Philotheca wonganensis facts for kids
Quick facts for kidsWongan philotheca
Endangered (EPBC Act)
Philotheca wonganensis, commonly known as Wongan philotheca, is a species of flowering plant in the family Rutaceae and is endemic to the south-west of Western Australia. It is a shrub with thin, cylindrical leaves and white flowers with a pink central stripe, usually arranged singly in leaf axils.
Philotheca wonganensis is a shrub that typically grows to a height of 1 m (3 ft 3 in) with corky branchlets. The leaves are thin, scattered, needle-shaped, 5–10 mm (0.20–0.39 in), sometimes glandular-warty, and channelled on the upper surface. The flowers are arranged singly in leaf axils on a thin, club-shaped pedicel about 5 mm (0.20 in) long. There are five broadly egg-shaped sepals about 1 mm (0.039 in) long and five white, oblong to elliptical petals about 5 mm (0.20 in) long with a pink central stripe. The ten stamens are free from each other and form a pyramid above the ovary. Flowering occurs from August to October and the fruit is about 3 mm (0.12 in) long with a short beak.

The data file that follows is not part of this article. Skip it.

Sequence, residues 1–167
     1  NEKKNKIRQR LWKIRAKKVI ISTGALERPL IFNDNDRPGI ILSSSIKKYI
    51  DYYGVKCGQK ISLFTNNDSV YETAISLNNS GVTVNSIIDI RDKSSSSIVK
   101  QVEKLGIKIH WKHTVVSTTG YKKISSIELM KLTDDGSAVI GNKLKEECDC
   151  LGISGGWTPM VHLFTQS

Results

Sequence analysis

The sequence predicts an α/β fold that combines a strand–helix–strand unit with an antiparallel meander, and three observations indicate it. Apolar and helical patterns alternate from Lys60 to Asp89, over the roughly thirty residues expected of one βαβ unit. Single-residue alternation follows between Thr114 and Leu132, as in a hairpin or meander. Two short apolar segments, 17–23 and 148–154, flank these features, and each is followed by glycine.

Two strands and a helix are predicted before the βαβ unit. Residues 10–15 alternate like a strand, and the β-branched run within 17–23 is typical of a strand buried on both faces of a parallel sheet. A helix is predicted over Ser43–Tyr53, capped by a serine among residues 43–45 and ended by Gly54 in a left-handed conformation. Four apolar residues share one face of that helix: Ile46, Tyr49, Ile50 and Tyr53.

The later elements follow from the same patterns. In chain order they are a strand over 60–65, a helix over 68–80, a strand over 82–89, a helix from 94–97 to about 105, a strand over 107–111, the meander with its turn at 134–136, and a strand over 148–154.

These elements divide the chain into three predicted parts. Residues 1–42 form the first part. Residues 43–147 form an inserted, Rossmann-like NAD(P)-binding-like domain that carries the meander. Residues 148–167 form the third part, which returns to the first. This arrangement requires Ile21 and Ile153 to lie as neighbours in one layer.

Taxonomy and naming
This philotheca was first formally described in 1982 by Paul Wilson who gave it the name Eriostemon wonganensis and published the description in the journal Nuytsia from specimens collected by Kevin Kenneally near Wongan Hills township in 1980. In 1998, Wilson changed the name to Philotheca wonganensis in the same journal.
Distribution and habitat
Philotheca wonganensis grows in dense shrubland and woodland with a shrubby understorey. It is only known from four populations in the Shire of Wongan–Ballidu in the south-west of Western Australia.
This philotheca is classified as "endangered" under the Australian Government Environment Protection and Biodiversity Conservation Act 1999 and as "Threatened Flora (Declared Rare Flora — Extant)" by the Department of Environment and Conservation (Western Australia). The main threat to the species is poor recruitment.
Philotheca wonganensis Facts for Kids. Kiddle Encyclopedia.